Twin Lake Crawl

On my own terms I tend to ramble the woods on foot or ski, trudging uphill one step at a time. Wheelers are pretty hilarious though and some are true pieces of machine-art. When you try to drive up sodden, snow covered logging roads for a few thousand feet vertical (past the trailhead and toward the ridge Yellow Aster Butte is part of) it’s quickly realized it’s about the struggle, not getting anywhere. Easily passed by snowmobile and hiker alike (without snowshoes…) these fellas managed to not slide off the cliffs and conquered each avalanche debris-pile with grace and winches.

Acadia

After fleeing Fort Collins  over thousands of miles of train track I ended up in Acadia National Park in Maine with Hannah. Due East as far you can go from my home in Cascadia, the place shares a lot in common with the rocky shores of the West.

Hop Breeding Co.

I spent a couple days at Perrault farms learning from Jason and his two-man, father-son field crew for the experimental hop yard. I included captions on the photos which tell some of the story for now. They’re a bit hard to read.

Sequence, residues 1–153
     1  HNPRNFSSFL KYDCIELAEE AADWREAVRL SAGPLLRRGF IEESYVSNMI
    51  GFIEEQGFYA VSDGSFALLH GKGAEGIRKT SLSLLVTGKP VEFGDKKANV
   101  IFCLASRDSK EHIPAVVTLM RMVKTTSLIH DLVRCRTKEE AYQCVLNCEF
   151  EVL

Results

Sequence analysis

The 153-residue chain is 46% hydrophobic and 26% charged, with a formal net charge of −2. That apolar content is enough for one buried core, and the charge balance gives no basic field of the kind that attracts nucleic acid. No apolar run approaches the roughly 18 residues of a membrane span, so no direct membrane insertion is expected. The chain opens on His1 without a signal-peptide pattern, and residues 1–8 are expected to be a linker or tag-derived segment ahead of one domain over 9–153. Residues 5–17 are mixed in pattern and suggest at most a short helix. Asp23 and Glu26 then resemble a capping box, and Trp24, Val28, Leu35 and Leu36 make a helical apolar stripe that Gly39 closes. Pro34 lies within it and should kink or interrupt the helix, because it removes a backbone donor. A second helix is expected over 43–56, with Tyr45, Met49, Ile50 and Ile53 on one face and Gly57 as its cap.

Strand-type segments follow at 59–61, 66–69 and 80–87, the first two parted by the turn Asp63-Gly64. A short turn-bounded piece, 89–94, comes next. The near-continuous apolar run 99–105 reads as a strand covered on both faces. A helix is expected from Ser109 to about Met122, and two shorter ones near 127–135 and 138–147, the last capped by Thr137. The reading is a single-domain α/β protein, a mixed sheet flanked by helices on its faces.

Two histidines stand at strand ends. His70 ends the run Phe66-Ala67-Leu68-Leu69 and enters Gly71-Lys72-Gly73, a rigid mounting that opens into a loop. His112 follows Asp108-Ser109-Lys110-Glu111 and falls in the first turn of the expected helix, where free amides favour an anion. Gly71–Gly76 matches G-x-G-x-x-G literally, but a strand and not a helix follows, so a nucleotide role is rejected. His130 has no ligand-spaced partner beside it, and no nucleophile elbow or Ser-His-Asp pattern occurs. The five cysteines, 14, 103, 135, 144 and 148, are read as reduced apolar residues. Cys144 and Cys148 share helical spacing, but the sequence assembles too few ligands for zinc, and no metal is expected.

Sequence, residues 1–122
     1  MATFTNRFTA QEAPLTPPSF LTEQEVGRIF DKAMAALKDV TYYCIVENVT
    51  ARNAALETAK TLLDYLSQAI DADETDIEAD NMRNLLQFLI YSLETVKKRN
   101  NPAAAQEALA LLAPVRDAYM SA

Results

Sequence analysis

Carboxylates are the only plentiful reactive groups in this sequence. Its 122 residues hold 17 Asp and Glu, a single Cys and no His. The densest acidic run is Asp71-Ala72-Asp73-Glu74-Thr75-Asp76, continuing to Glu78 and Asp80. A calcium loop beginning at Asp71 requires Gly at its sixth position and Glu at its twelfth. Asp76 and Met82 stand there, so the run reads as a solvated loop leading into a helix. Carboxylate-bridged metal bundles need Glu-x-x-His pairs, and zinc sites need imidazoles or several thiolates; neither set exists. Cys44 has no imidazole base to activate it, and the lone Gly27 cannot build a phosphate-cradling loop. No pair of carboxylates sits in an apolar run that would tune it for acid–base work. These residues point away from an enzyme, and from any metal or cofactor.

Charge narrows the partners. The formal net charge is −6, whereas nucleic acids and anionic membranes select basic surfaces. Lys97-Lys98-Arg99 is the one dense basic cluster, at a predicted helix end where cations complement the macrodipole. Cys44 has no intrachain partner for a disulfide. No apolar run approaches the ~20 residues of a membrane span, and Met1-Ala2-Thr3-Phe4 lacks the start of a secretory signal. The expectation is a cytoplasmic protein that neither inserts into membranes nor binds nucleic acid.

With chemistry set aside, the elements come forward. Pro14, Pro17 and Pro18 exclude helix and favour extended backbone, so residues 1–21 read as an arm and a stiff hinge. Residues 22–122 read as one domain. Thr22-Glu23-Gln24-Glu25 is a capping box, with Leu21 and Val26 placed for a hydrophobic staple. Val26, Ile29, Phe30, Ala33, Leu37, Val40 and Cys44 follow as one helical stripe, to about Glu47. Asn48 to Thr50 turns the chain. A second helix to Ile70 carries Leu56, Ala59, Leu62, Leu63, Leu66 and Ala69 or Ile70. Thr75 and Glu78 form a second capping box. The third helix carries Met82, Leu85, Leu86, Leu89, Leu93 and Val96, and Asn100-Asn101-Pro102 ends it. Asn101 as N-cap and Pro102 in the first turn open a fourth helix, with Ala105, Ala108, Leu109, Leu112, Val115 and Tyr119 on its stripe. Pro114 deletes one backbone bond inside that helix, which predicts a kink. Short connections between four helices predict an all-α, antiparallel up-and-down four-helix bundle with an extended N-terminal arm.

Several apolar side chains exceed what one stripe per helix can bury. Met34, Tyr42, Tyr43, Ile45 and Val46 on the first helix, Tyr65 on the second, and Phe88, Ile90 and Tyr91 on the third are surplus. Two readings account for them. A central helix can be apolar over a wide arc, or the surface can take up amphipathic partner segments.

• Cruising the experimental hop field at Perrault Farms. Each year this single hill field contains thousands of individuals.
  • A mother plant well after crossing. The upper branches are stripped of leaves and the bag is pulled up when the pollen is blown in.
  • Small samples are collected from promising crosses to test in the lab.
  • Crosses that are still promising after testing are harvested by hand and picked for yield and brewers cuts. Jas and his dad Jaime run the experimental field.
  • Each vine is a separate cross. They are run through the Wolfe picker at the Hop Breeding Company.
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  • A never before seen variety fresh off the picker.
  • Yield seems to be about 8-12 pounds, of which only a few pounds are actually dried for bailing.
  • Every day during harvest (20-30 days) new varieties are picked and dried for further scrutiny. If they pass muster in the lab and brewers rubs then they may make it to 7 hill trials.

Cascadian Summer

In mid August I took a short backpack trip to Yellow Aster Butte in the North Cascades with my brother Ian, our Dad, Mark and Ian’s lady, Malia (her first backpack). Somehow the northwest had a good snow year and the tarns weren’t even fully melted out. My Dad and I hiked out the ridge toward Excelsior picking early ripening cascade blueberries as we went.

Rocky Mountain Fall

Thanks to Dale, the friendly ranger, we managed to snag a recently cancelled backcountry permit for one of the hardest to reserve camp sites in the park – Andrews Creek. It’s one drainage over from Glacier Gorge with access to numerous high lakes and the last remaining glaciers in the park. Add in a full moon, a first dusting of snow, turning aspens and good whiskey and we had a perfect little walk in the woods.